Super Bowl 48

Denver Broncos receiver Wes Welker ready to make amends in Super Bowl

 

Former Dolphins and Patriots receiver Wes Welker hopes his third time in the big game — this time with the Broncos — is the charm.

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Denver Broncos receiver Wes Welker (83) completes a second-quarter touchdown pass against the San Diego Chargers during the AFC Divisional Playoff Game at Sports Authority Field at Mile High in Denver on Jan.y 12, 2014.
Denver Broncos receiver Wes Welker (83) completes a second-quarter touchdown pass against the San Diego Chargers during the AFC Divisional Playoff Game at Sports Authority Field at Mile High in Denver on Jan.y 12, 2014.
Justin Edmonds / Getty Images

Super Bowl 48 | SEAHAWKS VS. BRONCOS

6:25 p.m. Sunday, Fox

MetLife Stadium, East Rutherford, N.J.


abeasley@MiamiHerald.com

Gisele Bundchen is worth tens of millions of dollars. Not a dime of that is based on her football insight.

But Mrs. Tom Brady nonetheless weighed in infamously in the moments immediately following the Patriots’ brutal loss in Super Bowl 46.

“My husband can not [expletive] throw the ball and catch the ball at the same time. I can’t believe they dropped the ball so many times,” Bundchen said in a video captured by a gossip website.

Bunchden didn’t name names, but there’s little doubt who she meant. Wes Welker, her husband’s buddy and security blanket, couldn’t haul in a crucial late pass, a miscue that directly led to the team’s loss.

Fast forward two years, and Bundchen might be cursing for another reason. The Brady Bunch is at home. Welker, the smallest man on the Denver Broncos, is a big reason why.

Welker, whose 841 catches rank in the top 25 all-time, has been cut, traded and discarded (not to mention heckled by football’s most famous wife). It’s no coincidence, however, that Welker is back for his third Super Bowl, and teams that moved on from him are not.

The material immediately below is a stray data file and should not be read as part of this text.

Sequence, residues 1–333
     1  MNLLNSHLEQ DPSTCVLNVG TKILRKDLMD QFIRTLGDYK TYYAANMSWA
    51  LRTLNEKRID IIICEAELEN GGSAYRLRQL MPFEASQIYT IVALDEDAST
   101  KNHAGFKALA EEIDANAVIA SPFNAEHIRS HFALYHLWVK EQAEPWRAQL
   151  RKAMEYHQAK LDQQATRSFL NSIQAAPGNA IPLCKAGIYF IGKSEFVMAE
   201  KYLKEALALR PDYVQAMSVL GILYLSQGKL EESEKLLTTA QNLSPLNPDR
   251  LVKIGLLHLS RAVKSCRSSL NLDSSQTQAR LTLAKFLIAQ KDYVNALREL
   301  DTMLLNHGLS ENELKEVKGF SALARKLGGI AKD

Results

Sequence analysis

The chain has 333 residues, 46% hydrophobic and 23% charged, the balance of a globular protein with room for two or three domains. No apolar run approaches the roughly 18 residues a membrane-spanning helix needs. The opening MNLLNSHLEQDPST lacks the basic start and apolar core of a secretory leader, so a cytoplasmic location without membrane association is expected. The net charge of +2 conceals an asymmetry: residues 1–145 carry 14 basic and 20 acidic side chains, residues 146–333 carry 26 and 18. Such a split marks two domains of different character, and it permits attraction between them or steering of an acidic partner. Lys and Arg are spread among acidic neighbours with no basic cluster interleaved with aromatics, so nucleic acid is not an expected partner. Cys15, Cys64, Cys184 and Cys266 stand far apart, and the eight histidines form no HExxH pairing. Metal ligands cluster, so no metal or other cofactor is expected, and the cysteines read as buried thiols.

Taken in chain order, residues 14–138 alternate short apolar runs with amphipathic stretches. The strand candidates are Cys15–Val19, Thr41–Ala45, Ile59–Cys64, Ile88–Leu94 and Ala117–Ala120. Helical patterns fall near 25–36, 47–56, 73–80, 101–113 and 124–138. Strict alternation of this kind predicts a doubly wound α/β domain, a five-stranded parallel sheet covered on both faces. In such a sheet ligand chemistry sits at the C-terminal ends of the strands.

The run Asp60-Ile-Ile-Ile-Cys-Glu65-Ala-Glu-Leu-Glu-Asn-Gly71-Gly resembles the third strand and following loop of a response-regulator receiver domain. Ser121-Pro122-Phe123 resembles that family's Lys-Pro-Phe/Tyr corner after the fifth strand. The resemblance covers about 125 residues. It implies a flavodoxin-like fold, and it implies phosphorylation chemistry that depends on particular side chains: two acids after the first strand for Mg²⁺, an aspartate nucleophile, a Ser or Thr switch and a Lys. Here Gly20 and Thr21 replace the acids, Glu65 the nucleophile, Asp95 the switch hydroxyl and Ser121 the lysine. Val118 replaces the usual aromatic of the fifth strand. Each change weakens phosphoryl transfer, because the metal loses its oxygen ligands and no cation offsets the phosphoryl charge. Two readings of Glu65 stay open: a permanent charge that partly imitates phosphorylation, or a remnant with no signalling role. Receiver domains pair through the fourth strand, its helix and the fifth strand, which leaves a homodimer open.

Now back on the league’s ultimate stage, Welker will try to make amends for losses in his two previous Super Bowls — even if he couldn’t bring himself to admit it at the annual Media Day circus Tuesday.

“The past is the past,” Welker said. “I had one game where I set a record for catches in a Super Bowl (11, in Super Bowl 42) and then I had another one where it didn’t work out as I expected. So, you just go out there and you play the best you can and whatever happens from there, happens.”

For the Dolphins and their fans, such disappointment would be a welcome improvement.

See, while Welker has been to the title game three times since his trade from Miami to New England in 2007, the Dolphins have reached the playoffs just once in that stretch — and were one and done.

The Patriots shipped second- and seventh-round picks to Miami for Welker, which the Dolphins used on Samson Satele and Abraham Wright — neither of whom were on the roster two years later.

Welker, meanwhile, went from an undersized and underused gadget player to a fringe Hall of Fame candidate. In his six years with the Patriots, Welker averaged 112 catches per season. Sports Illustrated recently called it the 15th-worst trade in league history.

The Dolphins have cycled through eight starting quarterbacks since then. Welker has played for two all-time greats — Brady and Peyton Manning.

Still, Welker took the high road Tuesday when asked about his time in Miami — and the Dolphins’ decision to trade him.

“Obviously it meant a lot,” Welker said of his three years with the Dolphins. “The more experience you can get, the better off you’re going to be and definitely getting those three years in Miami and really trying to develop my game and get better definitely helped me.”

That development blossomed into stardom with the Patriots, but after six years, Bill Belichick decided to move on. The breakup wasn’t exactly amicable, with the Patriots’ coach basically calling Welker dirty after a hit in this year’s AFC Championship Game.

Not coincidentally, Welker on Tuesday made it a point to call that Broncos’ win one of the most gratifying of his career.

“Wes is one of the toughest guys around,” said Tyke Tolbert, Denver’s receivers coach. “I think he’s probably been told his whole life, ‘You’re too small, you’re too slow, you’re too this, you’re too that.’

“He’s had to go out there and prove everybody wrong every time,” Tolbert continued.

Added Broncos coach John Fox: “He was voted team captain, and I don’t care who you are, coming to a new team, new teammates, that doesn’t happen very easily. It says a lot to the kind of guy he is, both on and off the field.”

About the only thing that has stopped Welker over the past seven seasons is his health. He sustained two concussions this fall, missing five consecutive games.

Welker returned for the playoffs, wearing an oversized helmet that spawned a 1,000 Twitter jokes. Some have wondered if his career might be winding down. When asked Tuesday if he will return for another season, he said, “I think so.”

He also implied that he would play in the Super Bowl even with a concussion, a confession which surely made neurologists wince nationwide — not to mention NFL commissioner Roger Goodell.

“You want to be out there,” Welker said. “It’s Super Bowl. This is what you dream about. You’re going to be there. I don’t care what it takes. You’re going to be out there in this game.”

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